Picture from Capitalism - A Love Story
Overall B-

Documentary filmmaker Michael Moore uses his editorial style to explore the economic crisis of 2008-09.

Violence B
Sexual Content A
Profanity D
Substance Use B+

MPAA Rating: R for some language.

Capitalism - A Love Story

Michael Moore makes his socialist leanings quite clear in his latest documentary Capitalism: A Love Story. The controversial filmmaker also introduces a religious element to this script, going so far as to consult local priests and parish leaders about the moral value of capitalism while putting words in the mouth of the Christian deity Jesus Christ.

To his credit, the economic system has its problems. Job losses, bankruptcies and the number of working poor are soaring. Those who contribute heavily to the welfare of our society—teachers, police officers, emergency personnel, pilots and health care workers—are dismally underpaid while too many government and political officials appear to be cozying up with the boards and directors of leading bank and financial institutions. But to chalk all of the country’s economic woes up to capitalism seems rather strong. (He easily glosses over the fact that Canada and the United Kingdom, both countries with more socialistic policies, are also facing some of these same troubling situations.)

To show how bad things are from a “history-repeats-itself perspective”, Moore begins by comparing the current crisis with the Roman Empire shortly before its demise. He parades viewers into the gilded lobbies of some of the country’s most prominent financial buildings, or at least tries to before being stopped by beefy security officers. He contrasts those luxurious edifices and the trading floor of Wall Street with endless shots of abandoned, decaying homes, razed businesses and evicted families. He also addresses the devious business practices of major companies that take life insurance plans out on their unknowing employees, and others that set up for-profit organizations, milking the public tax system for millions of dollars.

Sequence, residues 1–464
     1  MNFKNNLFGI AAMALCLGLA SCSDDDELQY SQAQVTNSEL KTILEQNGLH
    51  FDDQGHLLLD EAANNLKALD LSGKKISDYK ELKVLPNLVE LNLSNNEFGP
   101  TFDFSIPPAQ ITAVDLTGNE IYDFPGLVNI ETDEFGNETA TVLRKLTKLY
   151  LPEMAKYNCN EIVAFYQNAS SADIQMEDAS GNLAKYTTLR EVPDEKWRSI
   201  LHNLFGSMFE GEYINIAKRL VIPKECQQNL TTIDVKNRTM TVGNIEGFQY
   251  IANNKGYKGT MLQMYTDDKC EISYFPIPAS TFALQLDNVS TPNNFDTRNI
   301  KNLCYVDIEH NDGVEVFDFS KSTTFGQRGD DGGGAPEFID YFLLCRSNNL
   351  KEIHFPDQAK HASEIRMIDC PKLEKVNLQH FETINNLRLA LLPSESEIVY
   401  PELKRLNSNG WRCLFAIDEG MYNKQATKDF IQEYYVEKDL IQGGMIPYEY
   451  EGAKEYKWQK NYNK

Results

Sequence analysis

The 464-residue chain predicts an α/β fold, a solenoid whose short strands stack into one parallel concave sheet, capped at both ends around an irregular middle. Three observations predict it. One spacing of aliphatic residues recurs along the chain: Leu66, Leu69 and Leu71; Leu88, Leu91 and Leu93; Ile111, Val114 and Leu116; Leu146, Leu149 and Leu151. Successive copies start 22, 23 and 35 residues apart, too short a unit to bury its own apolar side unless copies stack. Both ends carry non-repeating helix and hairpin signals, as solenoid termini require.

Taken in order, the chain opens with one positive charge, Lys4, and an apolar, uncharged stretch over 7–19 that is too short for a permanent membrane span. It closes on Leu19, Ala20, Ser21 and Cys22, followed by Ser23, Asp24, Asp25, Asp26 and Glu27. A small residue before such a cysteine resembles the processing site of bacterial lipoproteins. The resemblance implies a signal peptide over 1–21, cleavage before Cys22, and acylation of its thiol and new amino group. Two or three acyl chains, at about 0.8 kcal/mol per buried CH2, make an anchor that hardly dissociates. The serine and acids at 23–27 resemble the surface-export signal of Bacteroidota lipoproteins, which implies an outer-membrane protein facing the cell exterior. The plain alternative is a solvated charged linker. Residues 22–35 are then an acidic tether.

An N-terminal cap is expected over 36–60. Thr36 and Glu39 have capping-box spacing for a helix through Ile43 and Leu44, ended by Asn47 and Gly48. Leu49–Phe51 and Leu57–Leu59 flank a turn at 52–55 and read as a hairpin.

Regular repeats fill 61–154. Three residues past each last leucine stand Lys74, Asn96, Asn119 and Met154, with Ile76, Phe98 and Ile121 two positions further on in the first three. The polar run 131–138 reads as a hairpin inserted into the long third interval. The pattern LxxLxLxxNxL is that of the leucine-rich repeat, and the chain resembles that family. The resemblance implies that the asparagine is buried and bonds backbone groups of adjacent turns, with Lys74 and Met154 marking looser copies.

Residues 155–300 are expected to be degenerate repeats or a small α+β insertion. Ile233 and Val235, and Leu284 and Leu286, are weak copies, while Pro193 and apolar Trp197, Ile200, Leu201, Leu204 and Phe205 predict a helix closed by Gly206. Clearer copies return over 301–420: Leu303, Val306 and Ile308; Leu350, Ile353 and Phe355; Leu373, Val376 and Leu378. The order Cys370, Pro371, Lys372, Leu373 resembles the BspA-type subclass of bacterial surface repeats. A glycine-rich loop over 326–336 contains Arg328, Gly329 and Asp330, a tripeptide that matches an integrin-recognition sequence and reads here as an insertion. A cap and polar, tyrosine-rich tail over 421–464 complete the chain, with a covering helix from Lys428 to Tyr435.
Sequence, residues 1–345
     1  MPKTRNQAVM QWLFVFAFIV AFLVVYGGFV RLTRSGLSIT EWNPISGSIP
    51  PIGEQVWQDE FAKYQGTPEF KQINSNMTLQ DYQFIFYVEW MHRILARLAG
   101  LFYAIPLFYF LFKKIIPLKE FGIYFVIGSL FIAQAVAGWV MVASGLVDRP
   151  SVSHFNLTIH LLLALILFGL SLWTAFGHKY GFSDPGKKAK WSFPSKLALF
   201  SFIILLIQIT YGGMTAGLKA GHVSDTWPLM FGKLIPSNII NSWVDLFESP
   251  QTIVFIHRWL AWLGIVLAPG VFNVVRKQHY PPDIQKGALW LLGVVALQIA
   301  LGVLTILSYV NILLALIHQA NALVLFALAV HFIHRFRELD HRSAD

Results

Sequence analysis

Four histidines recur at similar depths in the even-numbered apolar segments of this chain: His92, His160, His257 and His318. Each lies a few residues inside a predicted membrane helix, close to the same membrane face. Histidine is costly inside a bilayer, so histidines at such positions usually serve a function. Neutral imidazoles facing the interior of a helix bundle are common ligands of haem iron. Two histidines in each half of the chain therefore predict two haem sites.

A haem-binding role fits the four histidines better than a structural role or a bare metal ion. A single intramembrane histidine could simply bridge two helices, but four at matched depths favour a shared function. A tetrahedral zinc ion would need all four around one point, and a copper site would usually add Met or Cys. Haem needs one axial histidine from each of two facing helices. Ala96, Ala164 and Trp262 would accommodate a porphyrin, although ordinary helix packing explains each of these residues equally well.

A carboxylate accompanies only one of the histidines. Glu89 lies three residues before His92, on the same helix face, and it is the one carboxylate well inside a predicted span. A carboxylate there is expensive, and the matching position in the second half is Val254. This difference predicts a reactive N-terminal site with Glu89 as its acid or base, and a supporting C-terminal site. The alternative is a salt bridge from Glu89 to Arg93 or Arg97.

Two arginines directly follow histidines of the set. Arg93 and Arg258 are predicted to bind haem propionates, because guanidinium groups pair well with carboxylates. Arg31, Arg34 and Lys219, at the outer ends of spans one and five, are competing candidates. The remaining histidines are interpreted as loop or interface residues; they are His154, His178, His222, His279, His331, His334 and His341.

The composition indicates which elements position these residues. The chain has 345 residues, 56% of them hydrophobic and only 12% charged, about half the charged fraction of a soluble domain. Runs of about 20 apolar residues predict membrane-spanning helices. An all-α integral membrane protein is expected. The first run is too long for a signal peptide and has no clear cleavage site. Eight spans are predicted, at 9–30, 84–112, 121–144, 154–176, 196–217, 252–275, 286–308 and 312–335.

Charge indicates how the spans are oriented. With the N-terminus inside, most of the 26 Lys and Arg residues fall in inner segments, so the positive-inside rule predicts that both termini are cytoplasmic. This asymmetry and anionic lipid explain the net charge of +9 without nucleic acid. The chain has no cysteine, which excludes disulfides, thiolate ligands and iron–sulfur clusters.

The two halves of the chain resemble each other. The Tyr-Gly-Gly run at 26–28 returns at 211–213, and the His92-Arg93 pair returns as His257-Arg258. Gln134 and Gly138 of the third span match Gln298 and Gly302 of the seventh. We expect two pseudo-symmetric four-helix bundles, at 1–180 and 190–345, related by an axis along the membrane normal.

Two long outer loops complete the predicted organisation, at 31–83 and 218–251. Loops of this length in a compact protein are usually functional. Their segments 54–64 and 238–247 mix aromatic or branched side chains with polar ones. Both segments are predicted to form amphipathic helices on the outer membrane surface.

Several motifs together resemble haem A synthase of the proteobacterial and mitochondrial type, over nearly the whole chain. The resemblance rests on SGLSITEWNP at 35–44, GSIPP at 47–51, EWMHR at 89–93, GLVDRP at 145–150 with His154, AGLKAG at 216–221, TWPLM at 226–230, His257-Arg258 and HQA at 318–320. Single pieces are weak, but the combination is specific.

Some of the claims are shocking (which they are meant to be) while others are so one-dimensional it makes viewers wonder if they have the whole truth or just Michael Moore’s version of truth. If nothing else, these allegations will spark debate. (Discussions in this documentary become heated, emotional and include several sexual expletives along with other infrequent profanities.)

After belaboring his case against the capitalist love story, Moore focuses on a love fest of his own with U.S. President Barack Obama and the concept of socialism. While Moore lauds Franklin D. Roosevelt’s Second Bill of Rights (that include among the promises, a good job, a decent home, adequate health care, and protection from economic fears for every American), he avoids addressing many of the issues that have led to the current crisis from a grassroots level. Pointing a finger of blame squarely in the direction of big business and government, he shows families who have lost homes and livelihoods because of job layoffs, health issues and other circumstances out of their control. What he doesn’t tackle are the individual Americans who have made their own avaricious or unwise economic decisions.

Perhaps what Moore should have condemned are greed and corruption. They are the human vices at the root of the issue and unfortunately, they can surface in any economic system.